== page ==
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    #138579 - 09/19/12 12:21 PM Weird family stuff
    Michaela Offline

    Registered: 11/18/09
    Posts: 530
    Loc: The bottom of my cup
    It's high holidays, which means family around our house. And our family is a little strange. Ok. In this particular case, it's thatDH's family is a bit strangethat's my issue.

    Of the last two generations of DH's family, about 2/3rds of the kids read at 2. My DS is three and doesn't read yet. more precicely, he *can* but doesn't. In a way that makes me suspect he has some of my family's legacy as well (my dad and I both needed remediation in grade 2to learn) as his fathers's. It's a lil wierd, eh? wink. Anyway. The family is very dismayed he isn't reading yet, and there's pressure. He got given a phonics thing, and was using it backwards... Using the letters to help him figure out what the pics were of. This frustrated people, because somehow they weren't cluing in that if he can do that, they probably don't need to worry that he dones't know letter sounds... Because he does. Anyway. Arg. Grumble. Frump.

    They refuse to answer his questions until he learns to read. Seriously. They aren't doing it consciously, they just won't hear the darned questions because they assume a kid needs to be able to read to ask questions like that. It's just layers of assumptions.

    Anyway, I'm concerned about his frustration with this, and also with the message he's getting which is that he isn't good enough for them. They assume he can't understand what they're saying because he doesn't read! I'm having trouble finding anyone other than myself willing to talk to the kid, really talk, and the best people to do it are really NOT getting it. If I could get them connecting, we'd probably spend more time with them, this is turning into a bad spiral.

    I feel like I have no resources, because my family isn't available, and my friends with kids do the same, and my friends without kids aren't into kids.

    I dont't know if I just want the family to connect with DS, or if I just want him to have some other confidante, or what. I probably want both. I guess that's it.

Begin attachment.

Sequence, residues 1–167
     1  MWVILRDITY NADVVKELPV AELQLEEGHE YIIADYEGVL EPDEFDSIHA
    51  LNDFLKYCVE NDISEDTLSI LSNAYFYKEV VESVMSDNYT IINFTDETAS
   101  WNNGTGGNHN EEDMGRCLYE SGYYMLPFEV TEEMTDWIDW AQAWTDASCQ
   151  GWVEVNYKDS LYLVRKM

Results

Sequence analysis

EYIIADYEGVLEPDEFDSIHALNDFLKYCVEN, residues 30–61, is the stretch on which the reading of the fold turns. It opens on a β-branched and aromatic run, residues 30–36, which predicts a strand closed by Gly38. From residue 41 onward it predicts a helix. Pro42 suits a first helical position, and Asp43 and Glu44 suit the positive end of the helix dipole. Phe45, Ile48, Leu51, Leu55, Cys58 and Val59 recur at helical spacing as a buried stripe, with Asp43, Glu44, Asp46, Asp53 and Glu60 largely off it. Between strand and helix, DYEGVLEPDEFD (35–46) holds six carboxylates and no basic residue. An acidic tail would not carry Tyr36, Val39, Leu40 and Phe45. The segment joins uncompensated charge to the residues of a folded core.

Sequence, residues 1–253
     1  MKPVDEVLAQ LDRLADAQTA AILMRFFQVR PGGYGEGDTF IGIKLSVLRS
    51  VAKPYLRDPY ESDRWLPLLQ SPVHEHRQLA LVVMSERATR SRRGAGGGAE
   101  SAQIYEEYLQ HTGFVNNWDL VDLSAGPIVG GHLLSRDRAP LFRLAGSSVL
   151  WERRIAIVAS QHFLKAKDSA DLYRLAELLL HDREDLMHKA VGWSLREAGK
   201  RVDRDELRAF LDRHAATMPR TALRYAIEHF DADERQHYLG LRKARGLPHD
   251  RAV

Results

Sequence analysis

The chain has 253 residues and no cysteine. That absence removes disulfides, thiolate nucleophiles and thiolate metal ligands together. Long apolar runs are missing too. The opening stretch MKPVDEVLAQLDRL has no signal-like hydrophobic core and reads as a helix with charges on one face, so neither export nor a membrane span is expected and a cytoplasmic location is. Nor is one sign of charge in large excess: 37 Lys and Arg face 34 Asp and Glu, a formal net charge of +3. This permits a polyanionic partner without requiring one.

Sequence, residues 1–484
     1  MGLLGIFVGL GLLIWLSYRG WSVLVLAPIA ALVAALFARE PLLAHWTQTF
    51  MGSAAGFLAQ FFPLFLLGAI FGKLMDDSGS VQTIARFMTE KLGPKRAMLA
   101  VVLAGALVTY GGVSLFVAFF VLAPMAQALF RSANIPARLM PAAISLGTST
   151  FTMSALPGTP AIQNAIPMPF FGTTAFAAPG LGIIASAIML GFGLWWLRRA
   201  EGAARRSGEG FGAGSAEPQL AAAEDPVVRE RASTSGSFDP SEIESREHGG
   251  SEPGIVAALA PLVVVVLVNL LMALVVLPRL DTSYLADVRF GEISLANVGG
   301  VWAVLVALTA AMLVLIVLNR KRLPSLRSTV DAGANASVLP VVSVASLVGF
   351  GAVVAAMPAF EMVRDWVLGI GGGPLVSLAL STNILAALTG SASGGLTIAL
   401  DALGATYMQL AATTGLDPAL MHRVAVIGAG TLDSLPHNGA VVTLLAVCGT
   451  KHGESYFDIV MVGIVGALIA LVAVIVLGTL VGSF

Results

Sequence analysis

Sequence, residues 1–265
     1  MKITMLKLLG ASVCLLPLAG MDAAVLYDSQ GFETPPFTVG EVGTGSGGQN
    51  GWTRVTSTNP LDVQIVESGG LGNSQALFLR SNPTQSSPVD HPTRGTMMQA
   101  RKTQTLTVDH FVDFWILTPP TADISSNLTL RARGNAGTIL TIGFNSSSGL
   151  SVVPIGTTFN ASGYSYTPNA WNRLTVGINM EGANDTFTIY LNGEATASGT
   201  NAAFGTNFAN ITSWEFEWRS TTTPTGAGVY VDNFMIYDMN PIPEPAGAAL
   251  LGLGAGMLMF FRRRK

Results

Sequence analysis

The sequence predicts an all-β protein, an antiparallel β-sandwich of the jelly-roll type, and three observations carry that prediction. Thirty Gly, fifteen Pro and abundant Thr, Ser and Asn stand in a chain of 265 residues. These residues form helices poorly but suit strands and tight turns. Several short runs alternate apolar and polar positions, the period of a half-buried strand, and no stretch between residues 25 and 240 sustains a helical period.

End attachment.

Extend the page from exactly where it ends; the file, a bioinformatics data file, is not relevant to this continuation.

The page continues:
Uh... Any suggestions? I know this will all be ok in the end. For one thi g, DS will probably read within a year or two, and for another, one of the gifts he got suggests at least one person is starting to get it (though he was clearly trying to please me,rather than DS). I just want to help, speed things up a little. Prevent the negative message for sinking in befoethings do improve... That kinda thing. Actually, I kinda want him to not pressure himself to read.

    This is so dumb. I'm frustrated because my kid is too smart, and not smart enough. I feel like we're just aliens or something. Nobody understands us!!!! Oh, the angst! I thought I already finished my troubled teens? Wasupwidat?

    (also, I need to fix my computer, this typing on an iPad thing sucks)
    DS1: Hon, you already finished your homework
    DS2: Quit it with the protesting already!

    #138639 - 09/20/12 09:14 AM Re: Weird family stuff [Re: Michaela]
    Nautigal Offline

    Registered: 04/22/09
    Posts: 1032
    If they assume a kid needs to be able to read to ask questions like that, and still don't make the connection that if he's asking questions like that, he must be able to read, then they aren't as smart as they think they are.

    If he is using the letters to figure out what the pictures are (hilarious -- and sounds like something my DS would have done), and they still can't make the connection that he knows what the letters are, then they aren't as smart as they think they are.

    There's a theme developing here. I doubt it will help you, though. smile

    It's probably just like a kid who learns to walk in private because he doesn't want anybody watching (my brother, for one) -- the bigger a deal it becomes to them, the less he wants to do it in front of them. I was that way with lots of things -- it wasn't that I couldn't say "please", for example, it's just that so many people made such a huge deal out of it, I wasn't about to do it. If only you could get them to just ignore the whole reading thing, they'd probably stumble upon him in the next room, reading the encyclopedias.

    #138641 - 09/20/12 09:50 AM Re: Weird family stuff [Re: Michaela]
    Mk13 Offline

    Registered: 07/20/12
    Posts: 761
    I know this is not the same thing but family sometimes drives me crazy too (and as much as I miss them since they live some 5000 miles away, it's probably a good thing in the end!) ... for some strange reason they are more interested in my boys' potty training than the fact that one could do all kinds of magic with numbers and puzzles at 3 and the younger one is learning to read at the age of 2 and seems to be learning everything these days with unbelievable speed. Yet when I tell them about the new things the boys learned to do, they don't even comment positively on it in any way and right away ask "so is he going on the potty yet?" ... they used to ask about DS who just turned 4 for the last 2 years so now I just tell them yes he's potty trained (though it's not exactly truth but he's very close to it!) and now they are bugging me about DS2.5 ... I'm pretty sure all kids eventually master the potty ... but not all kids will have the same fun learning like my boys do. Why can't the family share the excitement with me? ugh!